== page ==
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dc.contributor.authorRoyer, William E.
dc.contributor.authorPardanani, Animesh Dev
dc.contributor.authorGibson, Quentin H.
dc.contributor.authorPeterson, Eric S.
dc.contributor.authorFriedman, Joel M.
dc.date2022-08-11T08:08:47.000
dc.date.accessioned2022-08-23T16:08:29Z
dc.date.available2022-08-23T16:08:29Z
dc.date.issued1996-12-10
dc.date.submitted2008-12-08
dc.identifier.citation<p>Proc Natl Acad Sci U S A. 1996 Dec 10;93(25):14526-31.</p>
dc.identifier.issn0027-8424 (Print)
dc.identifier.doi10.1073/pnas.93.25.14526
dc.identifier.pmid8962085
dc.identifier.urihttp://hdl.handle.net/20.500.14038/32459
dc.description.abstractOne of the most remarkable structural aspects of Scapharca dimeric hemoglobin is the disruption of a very well-ordered water cluster at the subunit interface upon ligand binding. We have explored the role of these crystallographically observed water molecules by site-directed mutagenesis and osmotic stress techniques. The isosteric mutation of Thr-72-->Val in the interface increases oxygen affinity more than 40-fold with a surprising enhancement of cooperativity. The only significant structural effect of this mutation is to destabilize two ordered water molecules in the deoxy interface. Wild-type Scapharca hemoglobin is strongly sensitive to osmotic conditions. Upon addition of glycerol, striking changes in Raman spectrum of the deoxy form are observed that indicate a transition toward the liganded form. Increased osmotic pressure, which lowers the oxygen affinity in human hemoglobin, raises the oxygen affinity of Scapharca hemoglobin regardless of whether the solute is glycerol, glucose, or sucrose. Analysis of these results provides an estimate of six water molecules lost upon oxygen binding to the dimer, in good agreement with eight predicted from crystal structures. These experiments suggest that the observed cluster of interfacial water molecules plays a crucial role in communication between subunits.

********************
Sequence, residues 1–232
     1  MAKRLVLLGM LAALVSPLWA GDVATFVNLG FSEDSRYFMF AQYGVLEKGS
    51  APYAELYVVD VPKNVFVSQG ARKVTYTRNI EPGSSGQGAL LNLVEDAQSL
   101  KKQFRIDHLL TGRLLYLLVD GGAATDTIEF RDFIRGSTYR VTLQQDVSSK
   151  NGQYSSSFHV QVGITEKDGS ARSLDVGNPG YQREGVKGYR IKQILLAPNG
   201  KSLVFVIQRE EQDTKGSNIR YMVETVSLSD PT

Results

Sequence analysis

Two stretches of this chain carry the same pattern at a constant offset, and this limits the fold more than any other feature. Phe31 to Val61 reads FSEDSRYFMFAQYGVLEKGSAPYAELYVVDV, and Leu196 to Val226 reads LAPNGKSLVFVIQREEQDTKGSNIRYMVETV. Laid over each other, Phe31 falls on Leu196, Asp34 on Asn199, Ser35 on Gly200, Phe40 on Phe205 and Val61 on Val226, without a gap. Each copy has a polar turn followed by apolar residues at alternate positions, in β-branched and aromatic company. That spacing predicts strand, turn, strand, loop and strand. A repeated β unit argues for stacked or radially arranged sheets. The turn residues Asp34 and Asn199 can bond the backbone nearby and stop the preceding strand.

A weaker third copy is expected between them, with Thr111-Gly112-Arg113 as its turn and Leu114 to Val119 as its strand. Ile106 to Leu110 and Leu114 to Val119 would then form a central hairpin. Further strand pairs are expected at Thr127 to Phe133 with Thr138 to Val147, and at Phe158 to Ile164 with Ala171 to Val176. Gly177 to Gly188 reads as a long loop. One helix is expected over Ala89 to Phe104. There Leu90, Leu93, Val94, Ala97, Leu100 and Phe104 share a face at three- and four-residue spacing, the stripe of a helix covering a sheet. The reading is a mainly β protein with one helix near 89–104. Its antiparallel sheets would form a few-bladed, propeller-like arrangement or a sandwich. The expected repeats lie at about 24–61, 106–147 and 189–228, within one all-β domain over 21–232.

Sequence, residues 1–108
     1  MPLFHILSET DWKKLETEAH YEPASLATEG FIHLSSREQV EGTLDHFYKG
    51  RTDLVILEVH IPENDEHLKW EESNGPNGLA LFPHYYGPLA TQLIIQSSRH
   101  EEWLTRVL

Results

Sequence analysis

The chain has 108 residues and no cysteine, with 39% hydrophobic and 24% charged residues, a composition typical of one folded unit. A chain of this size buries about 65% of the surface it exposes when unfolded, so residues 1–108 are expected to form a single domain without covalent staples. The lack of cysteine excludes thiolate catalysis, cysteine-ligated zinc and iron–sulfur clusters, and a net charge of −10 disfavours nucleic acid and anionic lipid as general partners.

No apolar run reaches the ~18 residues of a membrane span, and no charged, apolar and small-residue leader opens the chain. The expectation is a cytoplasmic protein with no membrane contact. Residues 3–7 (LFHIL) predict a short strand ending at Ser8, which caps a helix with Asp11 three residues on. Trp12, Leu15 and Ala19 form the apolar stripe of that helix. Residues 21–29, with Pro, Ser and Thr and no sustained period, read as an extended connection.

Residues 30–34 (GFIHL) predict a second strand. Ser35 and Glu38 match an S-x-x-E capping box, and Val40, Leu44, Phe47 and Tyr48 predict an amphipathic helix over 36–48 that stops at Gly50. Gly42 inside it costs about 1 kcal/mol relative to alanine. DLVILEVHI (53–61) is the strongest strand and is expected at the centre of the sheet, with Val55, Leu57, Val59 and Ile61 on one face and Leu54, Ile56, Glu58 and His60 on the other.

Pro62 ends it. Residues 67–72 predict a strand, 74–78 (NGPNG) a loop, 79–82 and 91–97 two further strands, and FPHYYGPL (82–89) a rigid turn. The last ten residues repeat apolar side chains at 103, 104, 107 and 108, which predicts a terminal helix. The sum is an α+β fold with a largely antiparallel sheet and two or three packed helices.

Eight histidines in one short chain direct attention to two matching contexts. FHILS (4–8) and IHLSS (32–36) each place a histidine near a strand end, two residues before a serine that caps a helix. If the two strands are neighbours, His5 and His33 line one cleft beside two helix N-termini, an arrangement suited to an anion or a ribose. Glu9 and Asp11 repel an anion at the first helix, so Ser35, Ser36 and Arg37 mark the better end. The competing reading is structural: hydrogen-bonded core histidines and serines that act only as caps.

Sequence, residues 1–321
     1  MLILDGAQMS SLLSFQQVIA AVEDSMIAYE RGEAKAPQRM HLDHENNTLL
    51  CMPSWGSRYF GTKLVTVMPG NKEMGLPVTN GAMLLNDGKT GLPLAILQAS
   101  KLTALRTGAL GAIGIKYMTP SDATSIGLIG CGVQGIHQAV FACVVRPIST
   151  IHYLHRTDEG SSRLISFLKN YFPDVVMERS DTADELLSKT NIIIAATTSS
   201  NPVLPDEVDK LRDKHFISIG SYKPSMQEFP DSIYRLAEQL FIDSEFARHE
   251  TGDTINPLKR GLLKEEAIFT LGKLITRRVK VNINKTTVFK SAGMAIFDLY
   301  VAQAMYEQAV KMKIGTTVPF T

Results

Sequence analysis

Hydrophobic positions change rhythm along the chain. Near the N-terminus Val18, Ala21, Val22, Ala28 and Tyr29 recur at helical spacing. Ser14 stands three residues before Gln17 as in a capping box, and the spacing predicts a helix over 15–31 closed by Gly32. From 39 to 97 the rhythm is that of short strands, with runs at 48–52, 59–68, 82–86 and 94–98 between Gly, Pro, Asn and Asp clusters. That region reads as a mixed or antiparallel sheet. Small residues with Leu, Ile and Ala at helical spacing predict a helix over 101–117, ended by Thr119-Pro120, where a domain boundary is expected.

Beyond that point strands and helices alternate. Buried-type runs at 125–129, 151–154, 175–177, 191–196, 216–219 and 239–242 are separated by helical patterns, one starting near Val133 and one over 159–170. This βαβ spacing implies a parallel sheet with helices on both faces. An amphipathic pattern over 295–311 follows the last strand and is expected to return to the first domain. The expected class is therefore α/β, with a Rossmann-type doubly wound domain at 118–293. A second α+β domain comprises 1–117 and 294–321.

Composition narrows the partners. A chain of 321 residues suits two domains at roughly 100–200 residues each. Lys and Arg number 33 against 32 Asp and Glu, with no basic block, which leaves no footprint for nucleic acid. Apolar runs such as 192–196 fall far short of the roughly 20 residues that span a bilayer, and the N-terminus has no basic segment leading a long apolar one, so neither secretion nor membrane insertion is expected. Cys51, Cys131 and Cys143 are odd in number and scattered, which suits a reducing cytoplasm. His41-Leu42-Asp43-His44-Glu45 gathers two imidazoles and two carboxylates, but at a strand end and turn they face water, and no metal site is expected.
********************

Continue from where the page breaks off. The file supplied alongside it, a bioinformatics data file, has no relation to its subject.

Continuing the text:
dc.language.isoen_US
dc.relation<p><a href="http://www.ncbi.nlm.nih.gov/entrez/query.fcgi?db=pubmed&cmd=Retrieve&list_uids=8962085&dopt=Abstract">Link to Article in PubMed</a></p>
dc.relation.urlhttps://www.ncbi.nlm.nih.gov/pmc/articles/PMC26166/
dc.subjectAllosteric Regulation; Animals; Bivalvia; Dimerization; Hemoglobins; Mutagenesis, Site-Directed; Water
dc.subjectLife Sciences
dc.subjectMedicine and Health Sciences
dc.titleOrdered water molecules as key allosteric mediators in a cooperative dimeric hemoglobin
dc.typeJournal Article
dc.source.journaltitleProceedings of the National Academy of Sciences of the United States of America
dc.source.volume93
dc.source.issue25
dc.identifier.legacycoverpagehttps://escholarship.umassmed.edu/gsbs_sp/1029
dc.identifier.contextkey677747
html.description.abstract<p>One of the most remarkable structural aspects of Scapharca dimeric hemoglobin is the disruption of a very well-ordered water cluster at the subunit interface upon ligand binding. We have explored the role of these crystallographically observed water molecules by site-directed mutagenesis and osmotic stress techniques. The isosteric mutation of Thr-72-->Val in the interface increases oxygen affinity more than 40-fold with a surprising enhancement of cooperativity. The only significant structural effect of this mutation is to destabilize two ordered water molecules in the deoxy interface. Wild-type Scapharca hemoglobin is strongly sensitive to osmotic conditions. Upon addition of glycerol, striking changes in Raman spectrum of the deoxy form are observed that indicate a transition toward the liganded form. Increased osmotic pressure, which lowers the oxygen affinity in human hemoglobin, raises the oxygen affinity of Scapharca hemoglobin regardless of whether the solute is glycerol, glucose, or sucrose. Analysis of these results provides an estimate of six water molecules lost upon oxygen binding to the dimer, in good agreement with eight predicted from crystal structures. These experiments suggest that the observed cluster of interfacial water molecules plays a crucial role in communication between subunits.</p>
dc.identifier.submissionpathgsbs_sp/1029
dc.contributor.departmentDepartment of Biochemistry and Molecular Pharmacology
dc.contributor.departmentProgram in Molecular Medicine
dc.contributor.departmentGraduate School of Biomedical Sciences
dc.source.pages14526-31


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